We’d visited Manito Park from time to time, but after the move the 90-acre oasis became more than a place to visit. It became a seasonal marker for my days. In the spring we watch the tender green buds unfurl and dress the gardens. In the heat of summer I walk through the rose garden at the end of the day and the air is sweet with the scent of a million blooms. In the fall, the park glows with golden leaves.
   

    Every day, in every season, people come to the park. But there is a subtle shift in winter. This time of year Manito is a more solitary place. Icy mornings bring out only the most diehard walkers. And night comes too fast.
  

    But after a fresh snowfall, it’s as if the park sends an invitation to a party. Just as it has been since 1903, the sledding hill is crowded with people and laughter fills the air.
   

    Several years ago, after recording my weekly public radio program in the studio upstairs, I stopped by Vintage Rabbit Antiques on Monroe.  One of the dealers had a box filled with vintage postcards and I pulled out one that showed a crowd ice skating on the pond at Manito Park. I loved the slice of life captured in the photograph, with men, women and children celebrating the simple pleasure of  skimming over a frozen pond, cold air biting at faces, the wind stinging hands and ears.
   

   I bought the postcard, scanned the card and keep it on my computer; a wintery moment frozen in time, linking me to both the past and the present in a place I’ve grown to love.

 

Note: This column was featured in the Jan/Feb 2013 issue of Nostalgia Magazine

Cheryl-Anne Millsap blogs about antiques and collectibles at The Spokesman-Review. Her audio essays can be heard on Spokane Public Radio and on public radio stations across the country. She can be reached at catmillsap@gmail.com
  

Beacon Hill trails get $4K boost from REI

PARKS — Trail rehabilitation and restoration projects around Beacon Hill and Camp Sekani are getting a boost from the REI store in Spokane.

The store's presented $4,464 to the Spokane Parks & Recreation board for use in the popular mountain biking and hiking area.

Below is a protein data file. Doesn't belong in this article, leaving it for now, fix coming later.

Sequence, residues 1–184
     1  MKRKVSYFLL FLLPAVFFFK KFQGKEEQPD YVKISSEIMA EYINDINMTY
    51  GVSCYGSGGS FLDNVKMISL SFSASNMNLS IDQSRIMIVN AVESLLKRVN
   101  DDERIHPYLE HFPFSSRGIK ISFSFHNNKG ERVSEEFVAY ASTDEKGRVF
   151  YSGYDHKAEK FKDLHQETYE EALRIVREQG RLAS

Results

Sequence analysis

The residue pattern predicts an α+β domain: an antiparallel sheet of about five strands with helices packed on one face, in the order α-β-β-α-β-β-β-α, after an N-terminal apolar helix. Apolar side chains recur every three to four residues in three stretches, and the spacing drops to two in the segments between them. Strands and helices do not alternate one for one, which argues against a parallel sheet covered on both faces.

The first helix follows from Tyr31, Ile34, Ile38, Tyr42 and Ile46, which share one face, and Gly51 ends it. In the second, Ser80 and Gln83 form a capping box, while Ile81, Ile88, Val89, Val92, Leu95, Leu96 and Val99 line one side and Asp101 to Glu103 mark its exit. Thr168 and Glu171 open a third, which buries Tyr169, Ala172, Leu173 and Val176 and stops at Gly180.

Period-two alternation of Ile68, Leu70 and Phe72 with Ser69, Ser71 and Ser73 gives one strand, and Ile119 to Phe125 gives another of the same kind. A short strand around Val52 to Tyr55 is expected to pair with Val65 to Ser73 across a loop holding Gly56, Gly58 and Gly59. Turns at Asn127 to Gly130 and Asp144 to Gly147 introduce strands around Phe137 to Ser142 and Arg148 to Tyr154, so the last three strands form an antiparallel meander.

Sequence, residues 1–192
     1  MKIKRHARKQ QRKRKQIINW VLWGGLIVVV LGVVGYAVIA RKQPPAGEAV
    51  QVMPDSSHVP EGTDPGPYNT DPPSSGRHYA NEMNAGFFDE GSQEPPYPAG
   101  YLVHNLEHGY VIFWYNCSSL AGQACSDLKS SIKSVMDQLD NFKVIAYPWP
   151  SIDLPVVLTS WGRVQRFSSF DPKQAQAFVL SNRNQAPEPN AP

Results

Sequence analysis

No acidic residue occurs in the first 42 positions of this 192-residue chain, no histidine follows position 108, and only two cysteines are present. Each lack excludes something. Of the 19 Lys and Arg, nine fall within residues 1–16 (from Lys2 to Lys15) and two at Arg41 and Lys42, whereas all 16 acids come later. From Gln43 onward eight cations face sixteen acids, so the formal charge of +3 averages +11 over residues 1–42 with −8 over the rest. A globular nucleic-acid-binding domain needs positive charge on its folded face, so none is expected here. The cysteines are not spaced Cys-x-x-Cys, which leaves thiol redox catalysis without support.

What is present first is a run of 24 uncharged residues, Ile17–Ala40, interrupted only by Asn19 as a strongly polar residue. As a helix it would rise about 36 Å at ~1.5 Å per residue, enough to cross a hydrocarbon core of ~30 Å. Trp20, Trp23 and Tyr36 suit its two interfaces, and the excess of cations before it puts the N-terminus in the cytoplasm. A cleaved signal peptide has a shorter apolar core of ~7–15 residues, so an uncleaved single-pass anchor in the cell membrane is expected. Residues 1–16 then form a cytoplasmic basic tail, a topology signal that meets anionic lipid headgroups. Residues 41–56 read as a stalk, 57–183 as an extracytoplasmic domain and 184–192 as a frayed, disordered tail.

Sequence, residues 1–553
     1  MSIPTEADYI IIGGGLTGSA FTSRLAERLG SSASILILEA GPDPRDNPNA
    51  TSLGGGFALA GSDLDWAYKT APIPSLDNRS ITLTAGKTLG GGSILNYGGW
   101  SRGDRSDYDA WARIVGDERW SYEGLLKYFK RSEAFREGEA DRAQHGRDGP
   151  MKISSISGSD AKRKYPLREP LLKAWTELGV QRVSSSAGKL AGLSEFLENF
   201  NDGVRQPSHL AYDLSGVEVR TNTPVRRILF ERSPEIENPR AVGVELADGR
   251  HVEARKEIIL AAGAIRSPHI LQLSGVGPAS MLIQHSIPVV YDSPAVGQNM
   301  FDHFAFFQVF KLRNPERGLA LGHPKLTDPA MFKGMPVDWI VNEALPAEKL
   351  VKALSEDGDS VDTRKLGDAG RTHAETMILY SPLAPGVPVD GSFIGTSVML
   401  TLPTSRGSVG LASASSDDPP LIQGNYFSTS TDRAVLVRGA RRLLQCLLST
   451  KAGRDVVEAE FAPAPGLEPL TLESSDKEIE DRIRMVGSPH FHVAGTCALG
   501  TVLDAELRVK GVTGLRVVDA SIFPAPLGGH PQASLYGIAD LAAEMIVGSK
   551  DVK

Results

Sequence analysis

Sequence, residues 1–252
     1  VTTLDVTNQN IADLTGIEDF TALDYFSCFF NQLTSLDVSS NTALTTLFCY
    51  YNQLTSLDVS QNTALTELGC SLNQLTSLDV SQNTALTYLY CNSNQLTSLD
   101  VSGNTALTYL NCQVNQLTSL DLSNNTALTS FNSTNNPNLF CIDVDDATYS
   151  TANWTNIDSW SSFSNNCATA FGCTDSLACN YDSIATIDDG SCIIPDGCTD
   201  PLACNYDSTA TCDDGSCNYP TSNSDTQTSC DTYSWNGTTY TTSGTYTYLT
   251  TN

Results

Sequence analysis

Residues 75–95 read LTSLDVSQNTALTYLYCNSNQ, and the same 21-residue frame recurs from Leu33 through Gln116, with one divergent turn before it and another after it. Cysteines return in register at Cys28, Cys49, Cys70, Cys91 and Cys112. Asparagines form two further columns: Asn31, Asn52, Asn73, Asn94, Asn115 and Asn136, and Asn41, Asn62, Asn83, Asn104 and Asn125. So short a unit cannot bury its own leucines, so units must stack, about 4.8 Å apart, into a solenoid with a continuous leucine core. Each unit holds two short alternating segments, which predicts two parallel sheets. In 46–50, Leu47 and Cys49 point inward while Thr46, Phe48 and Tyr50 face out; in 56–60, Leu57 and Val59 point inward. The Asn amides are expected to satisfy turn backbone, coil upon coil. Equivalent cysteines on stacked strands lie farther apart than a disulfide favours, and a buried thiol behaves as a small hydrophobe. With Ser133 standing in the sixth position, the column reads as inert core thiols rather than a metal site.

This is the last of three community grant part checks REI has awarded for 2012, a year of record giving through the program, said Carol Christensen, REI outreach specialist in Spokane.

 In addition to the Parks & Rec Foundation, REI awarded $10,000 to the Friends of the Centennial Trail and $10,000 to the Riverside State Park Foundation.  

That's a total $24,464 boost to popular local outdoor recreation destinations.

“REI’s mission, 'To inspire, educate and outfit for a lifetime of outdoor adventure and stewardship,' is what drives the market-based grant program,” Christensen said.

The Friends of the Centennial Trail and Riverside State Park Foundation pooled a portion of the grant funding to hire a volunteer coordinator to “recruit, train, and supervise volunteers to perform repairs, maintenance, and cleanup of the Centennial Trail, including campgrounds, recreation sites, and cultural sites and to create and maintain a database of volunteers.”

All three organizations have already been active in getting volunteers on the trails with more than 150 hours logged through the volunteer coordination program and several trail projects completed at Beacon Hill/Camp Sekani.

Get involved with these organizations by contacting Jake Graham at Riverside State Park, email riverside@parks.wa.gov , or Mike Aho at Spokane Parks and Rec, maho@spokanecity.org.

Info: Carol  Christensen, cchrist@rei.com.

Volunteers sign up for work day at Camp Sekani trails